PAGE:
For years, Writers Forum has relied on our Membership for Multi-media Presentations. From borrowing Shasta College’s Digital Projector (and later their Screen) to other members’ Audio Cables and Mobile HotSpots, we are thankful. But one problem was that Advanced Planning was needed. We could not at the drop of a hat (read that as a presenter canceling) substitute a packaged media program from Writers Digest or other online resources.


Scripps Howard Foundation  has awarded the Writers Forum a Volunteer Gift of over a thousand dollars for purchase of equipment that support will enhance Multi-Media presentations.


Retired Scripps Howard Employee and Past Writers Forum President Larry Watters, left, holds check for purchase of Multi-media equipment at General Meeting held February 11, while President Laura Hernadez, right, and Program Chair Sharon Owen, foreground, laugh over the prospect of Owen not “Borrowing” Shasta College’s Projector ever again.



Writers Forum Treasurer Jennifer Levens holds Scripps Howard Foundation check.


From the President: Fascinating Rhythm

Fascinating Rhythm

by: Laura Hernandez, Writers Forum Presidentlaura-h1v



Do you know what I’m talking about when I say the “rhythm” in your writing?

You can show mood and tone on the written page with the right words and the length of your sentences. That’s creating a rhythm like a song on your paper. The right words are not the accurate words, they don’t convey imagery. Describing a flower in a trash heap SHOWS tragedy and hope without your use of the accurate words “tragedy and hope.”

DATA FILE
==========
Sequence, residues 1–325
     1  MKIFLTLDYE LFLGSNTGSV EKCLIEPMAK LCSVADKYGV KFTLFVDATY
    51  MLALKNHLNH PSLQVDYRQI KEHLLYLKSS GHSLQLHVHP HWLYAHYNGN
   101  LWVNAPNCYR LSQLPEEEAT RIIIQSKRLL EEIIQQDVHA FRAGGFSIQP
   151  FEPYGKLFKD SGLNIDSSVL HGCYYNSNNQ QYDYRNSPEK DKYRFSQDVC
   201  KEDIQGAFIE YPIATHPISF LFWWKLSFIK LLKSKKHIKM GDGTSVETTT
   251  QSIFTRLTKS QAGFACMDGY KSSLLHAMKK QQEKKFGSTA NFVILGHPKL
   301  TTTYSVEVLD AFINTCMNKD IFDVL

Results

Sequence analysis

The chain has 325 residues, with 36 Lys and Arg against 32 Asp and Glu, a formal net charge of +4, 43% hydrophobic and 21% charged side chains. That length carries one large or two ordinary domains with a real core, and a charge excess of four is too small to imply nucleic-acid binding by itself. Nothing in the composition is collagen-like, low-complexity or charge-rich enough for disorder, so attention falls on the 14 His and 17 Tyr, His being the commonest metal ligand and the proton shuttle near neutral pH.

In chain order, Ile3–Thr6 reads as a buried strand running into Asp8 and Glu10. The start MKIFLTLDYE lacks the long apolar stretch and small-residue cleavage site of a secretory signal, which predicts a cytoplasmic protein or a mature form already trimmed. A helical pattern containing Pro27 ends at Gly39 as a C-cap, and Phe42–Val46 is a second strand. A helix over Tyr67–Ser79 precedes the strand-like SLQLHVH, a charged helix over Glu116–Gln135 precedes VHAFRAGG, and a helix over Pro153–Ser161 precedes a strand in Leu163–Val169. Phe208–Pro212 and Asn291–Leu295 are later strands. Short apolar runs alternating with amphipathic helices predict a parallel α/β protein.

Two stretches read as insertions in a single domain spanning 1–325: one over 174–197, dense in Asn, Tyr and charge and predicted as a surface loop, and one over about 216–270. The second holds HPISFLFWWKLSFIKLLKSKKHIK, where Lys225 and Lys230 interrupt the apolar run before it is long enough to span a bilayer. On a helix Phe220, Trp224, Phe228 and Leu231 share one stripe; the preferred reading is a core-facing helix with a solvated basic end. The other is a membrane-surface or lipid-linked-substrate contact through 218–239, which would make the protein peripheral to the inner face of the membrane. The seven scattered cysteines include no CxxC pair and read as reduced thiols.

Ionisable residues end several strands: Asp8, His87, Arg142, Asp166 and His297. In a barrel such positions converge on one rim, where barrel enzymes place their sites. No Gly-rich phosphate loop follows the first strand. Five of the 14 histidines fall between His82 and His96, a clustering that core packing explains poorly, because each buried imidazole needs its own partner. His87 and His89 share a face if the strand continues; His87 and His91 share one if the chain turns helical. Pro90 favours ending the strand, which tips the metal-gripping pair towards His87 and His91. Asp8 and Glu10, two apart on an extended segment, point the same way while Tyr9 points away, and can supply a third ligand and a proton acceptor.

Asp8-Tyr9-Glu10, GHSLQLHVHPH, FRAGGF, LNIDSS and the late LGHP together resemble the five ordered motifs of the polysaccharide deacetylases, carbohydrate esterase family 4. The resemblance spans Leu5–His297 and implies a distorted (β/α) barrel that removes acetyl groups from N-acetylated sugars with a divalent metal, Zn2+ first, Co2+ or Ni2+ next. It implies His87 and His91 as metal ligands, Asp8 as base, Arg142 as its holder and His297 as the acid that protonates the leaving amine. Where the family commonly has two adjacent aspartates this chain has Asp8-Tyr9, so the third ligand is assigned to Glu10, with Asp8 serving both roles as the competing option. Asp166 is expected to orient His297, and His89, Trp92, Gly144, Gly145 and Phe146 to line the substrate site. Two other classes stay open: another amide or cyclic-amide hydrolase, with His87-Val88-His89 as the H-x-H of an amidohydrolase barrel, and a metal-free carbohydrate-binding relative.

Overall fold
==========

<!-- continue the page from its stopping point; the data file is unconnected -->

Juxtapose emotional descriptions to create tone and mood. Eyebrows down but a smile on that face is a different kind of mood than just describing eyebrows down.

Using short sentences in a dialogue without any exposition or tags (the he said or the she saids) creates a snappy kind of fast pace, changing the rhythm. You can also use choppy sentences to show anger with sudden stops.  Longer sentences can show sadness, internalization. Count the beats of the words (like we used to do when figuring how many syllables a word has for making poetry—hold your hand under your chin as you speak them). Use the downbeat for sadness, an upbeat for happiness.

Your character can help you set the tone with her usual attitude about crap in general, and this really crappy situation in particular. Back up her feelings with the rest of the scene and your reader will be right with you. But if she is too dramatic and the scene isn’t, it will just look soap-opery and not in a good way. Of course that’s a good way to show she’s losing her marbles, but make sure that’s what you wanted to do.